The main difference at cross-national level concerning the concept and beneficiaries of the general system lies in the fact that the Austrian and the Dutch participants suggested the use of the VC mainly at individual level for improving health and socialization, while the Italian groups underlined its usage also at company level: “The virtual coach may be used by companies to facilitate the transition from work to retirement… there should be a more structured intervention by companies, to help the workers to live this passage peacefully. The use of the virtual coach should be a business service to offer to workers. From this point of view, the workers close to the pension can turn to the system and ask for information about retirement” [IT, male, 52].

3.3.2. End-Users’ Opinion on the Intervention Areas of the Virtual Coach

Three main intervention areas were identified by the end-users for the virtual coach: (a) physical activity; (b) social relationships and (c) emotional well-being.
When we look at national specificities, the Austrian participants, especially retired respondents, stressed the intervention of the VC for motivating retirees to practice more physical activity and for providing cognitive stimuli: “It would remind me to do exercise for example by the pedometer” [A, male, 57]. Conversely, older workers underlined the usefulness of interventions boosting socialization: “If it is linked to a platform I could also find other retirees when I will be retired with the same interests and free time” [Dutch privacy rules applied].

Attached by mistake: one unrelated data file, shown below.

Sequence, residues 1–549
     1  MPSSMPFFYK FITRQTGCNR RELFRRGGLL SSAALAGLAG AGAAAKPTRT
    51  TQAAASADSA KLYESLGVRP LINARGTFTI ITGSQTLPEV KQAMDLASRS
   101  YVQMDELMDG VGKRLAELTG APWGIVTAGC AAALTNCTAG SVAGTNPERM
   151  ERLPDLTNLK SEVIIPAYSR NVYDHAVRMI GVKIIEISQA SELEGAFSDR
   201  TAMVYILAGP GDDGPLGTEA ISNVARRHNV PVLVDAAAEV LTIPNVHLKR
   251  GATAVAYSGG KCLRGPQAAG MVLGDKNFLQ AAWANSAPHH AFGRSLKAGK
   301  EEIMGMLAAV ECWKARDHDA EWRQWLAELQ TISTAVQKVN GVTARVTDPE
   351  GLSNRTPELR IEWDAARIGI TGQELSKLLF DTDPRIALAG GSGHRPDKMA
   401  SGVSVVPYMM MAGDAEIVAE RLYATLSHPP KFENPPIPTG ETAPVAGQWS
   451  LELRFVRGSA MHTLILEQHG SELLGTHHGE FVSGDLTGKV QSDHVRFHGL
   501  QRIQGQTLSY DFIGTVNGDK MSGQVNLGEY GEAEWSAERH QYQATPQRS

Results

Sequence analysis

The Italian retirees who were more attached to work and missed social contacts and cultural inputs, were more open to the idea of using a VC, especially for boosting socialization, and stimulating interests and brain activities. Among the Italian participants, the necessity arose for a coach that can meet the numerous changes which people have to face during the transition from work to retirement: “In the transition from work to retirement there is an economic change, a change in health, in legislation, in educational initiatives and in facilitations. People often don’t know a lot of things because they never got the necessary information before retiring. They lose so many opportunities because they do not know about them until they find out, so it may be useful to inform them in the transition phase between work and retirement” [IT, female, 60].
In the Netherlands, positive feelings mostly had to do with practical help, either financial planning or planning of concrete activities and health screenings. Coaching on healthy living was also seen as a good option by most. Many saw the virtual coach as a useful option for older people with physical limitations and/or living alone: “Maybe if I were alone I would like it. Now I have my husband” [Dutch privacy rules applied].